MAJOR economic crises tend to provoke reconsideration of the principles of capitalism and of the economic lives we lead. So it was that back in the teeth of another recession, in 1930, John Maynard Keynes struck a defiantly optimistic note in a short essay entitled “Economic Possibilities for Our Grandchildren”.
The great economist predicted that by 2030 the world’s developed countries would be so rich that people would have to work just 15 hours a week. Humans would devote most of their time to leisure and most work would be done by machines. This, he believed, would prompt a fundamental shift in our values: “We shall once more value ends above means and prefer the good to the useful,” he predicted.
How could he have got it so wrong? And do we now need to rethink our economic values?
On the face of it the thesis proposed by Keynes’s biographer Robert Skidelsky, and his philosopher son Edward, is a truism: that the endless pursuit of money is a blind alley that does not lead to the good life. When asked how rich they want to be, most people will say something on the lines of “enough to live a good life”. Indeed even David Cameron has pronounced himself dissatisfied with GDP as the sole barometer of the nation’s wealth: only last week, for example, the Office for National Statistics published the first official survey of our national wellbeing.
And yet we still chase after money and consumer goodies. The problem isn’t just our difficulty in saying “that’s enough”. Rather, the Skidelskys write, “the material conditions of the good life already exist, at least in affluent parts of the world, but … the blind pursuit of growth puts it continually out of reach”. Surveys of Britons’ happiness show little real change since the mid-1970s — despite a far bigger economy and much greater affluence today.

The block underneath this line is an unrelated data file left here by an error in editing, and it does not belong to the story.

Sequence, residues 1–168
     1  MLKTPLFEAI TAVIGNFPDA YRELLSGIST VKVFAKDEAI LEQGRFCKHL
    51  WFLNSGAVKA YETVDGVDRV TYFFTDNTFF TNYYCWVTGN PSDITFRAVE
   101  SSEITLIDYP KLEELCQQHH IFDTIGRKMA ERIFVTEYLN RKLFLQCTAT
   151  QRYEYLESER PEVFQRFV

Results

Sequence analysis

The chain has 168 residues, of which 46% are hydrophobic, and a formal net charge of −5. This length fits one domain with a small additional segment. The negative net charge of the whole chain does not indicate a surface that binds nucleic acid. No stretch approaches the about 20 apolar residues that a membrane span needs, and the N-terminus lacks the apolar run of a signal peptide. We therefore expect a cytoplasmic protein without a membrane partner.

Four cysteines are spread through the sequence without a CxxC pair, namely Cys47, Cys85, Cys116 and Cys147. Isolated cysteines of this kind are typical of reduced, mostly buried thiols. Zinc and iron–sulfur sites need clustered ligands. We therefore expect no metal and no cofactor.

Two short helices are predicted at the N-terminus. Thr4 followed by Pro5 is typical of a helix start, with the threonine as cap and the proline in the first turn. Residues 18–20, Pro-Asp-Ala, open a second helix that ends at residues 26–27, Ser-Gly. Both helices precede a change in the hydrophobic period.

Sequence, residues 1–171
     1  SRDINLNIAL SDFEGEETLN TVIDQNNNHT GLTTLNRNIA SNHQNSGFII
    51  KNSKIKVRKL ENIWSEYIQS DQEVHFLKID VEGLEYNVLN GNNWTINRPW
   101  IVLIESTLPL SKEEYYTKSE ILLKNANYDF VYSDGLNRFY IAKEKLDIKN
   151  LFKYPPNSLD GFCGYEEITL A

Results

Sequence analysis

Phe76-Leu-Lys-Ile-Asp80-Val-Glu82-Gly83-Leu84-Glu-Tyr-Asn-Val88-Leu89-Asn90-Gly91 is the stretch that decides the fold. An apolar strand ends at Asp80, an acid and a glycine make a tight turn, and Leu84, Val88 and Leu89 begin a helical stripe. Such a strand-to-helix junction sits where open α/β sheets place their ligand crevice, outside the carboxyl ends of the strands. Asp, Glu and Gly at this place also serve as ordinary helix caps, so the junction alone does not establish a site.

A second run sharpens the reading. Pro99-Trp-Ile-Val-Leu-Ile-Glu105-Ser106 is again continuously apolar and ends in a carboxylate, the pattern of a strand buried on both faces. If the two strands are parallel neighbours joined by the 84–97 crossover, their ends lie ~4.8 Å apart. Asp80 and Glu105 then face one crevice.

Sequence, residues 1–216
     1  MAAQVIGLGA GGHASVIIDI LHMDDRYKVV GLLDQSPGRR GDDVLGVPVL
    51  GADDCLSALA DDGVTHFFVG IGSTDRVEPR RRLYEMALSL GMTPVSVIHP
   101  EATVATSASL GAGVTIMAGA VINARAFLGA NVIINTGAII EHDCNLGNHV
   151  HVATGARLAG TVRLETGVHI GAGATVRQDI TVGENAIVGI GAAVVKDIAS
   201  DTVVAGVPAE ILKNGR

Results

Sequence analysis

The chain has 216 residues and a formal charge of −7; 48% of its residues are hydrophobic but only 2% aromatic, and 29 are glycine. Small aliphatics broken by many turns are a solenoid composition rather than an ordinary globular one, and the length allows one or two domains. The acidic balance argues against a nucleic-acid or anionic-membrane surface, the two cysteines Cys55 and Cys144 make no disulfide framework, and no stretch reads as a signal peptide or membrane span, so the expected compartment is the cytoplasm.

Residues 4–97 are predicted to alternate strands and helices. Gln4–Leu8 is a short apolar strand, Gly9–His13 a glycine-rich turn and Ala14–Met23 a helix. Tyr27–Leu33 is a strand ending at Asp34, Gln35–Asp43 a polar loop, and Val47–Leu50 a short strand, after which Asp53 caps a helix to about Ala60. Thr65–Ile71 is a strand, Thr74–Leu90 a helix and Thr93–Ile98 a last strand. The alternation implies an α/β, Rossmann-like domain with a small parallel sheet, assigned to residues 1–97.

The failure of Keynes’s prediction is partly down to the growing inequality of advanced capitalist societies over the past three decades. The rich have taken a greater share of the fruits of productivity gains driven by technology. At the same time, though, Keynes failed to appreciate capitalism’s dynamism in creating new needs and desires.
He never dreamt of whole industries built around mobile phone ringtones, pre-washed salad leaves or dog-walking services. Thus, for most of us, life is no longer simply a Faustian bargain with capitalism to secure our basic needs.
Yet even if we can define what we mean by the “good life” — and I hope it will be more fun than the Skidelskys’ attempt to do so — how we re-gear capitalism to serve it remains far from clear.
The authors call for a “non-coercive paternalism” by the state. Some of what that would entail is sensible enough — more job sharing, limits on advertising. Other aspects would be politically tricky even where popular, such as shorter working hours, or where less so, such as taxes on personal consumption above a certain level. And their call for higher taxes to fund a basic state income scheme and higher public sector salaries is clearly going to find few takers in Westminster.
Yet the Skidelskys are right to ask such questions. At a time when politicians of all parties remain fixated on the return of economic growth, we have to ask: will it really make us happy?
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Saturday 25 May 2013
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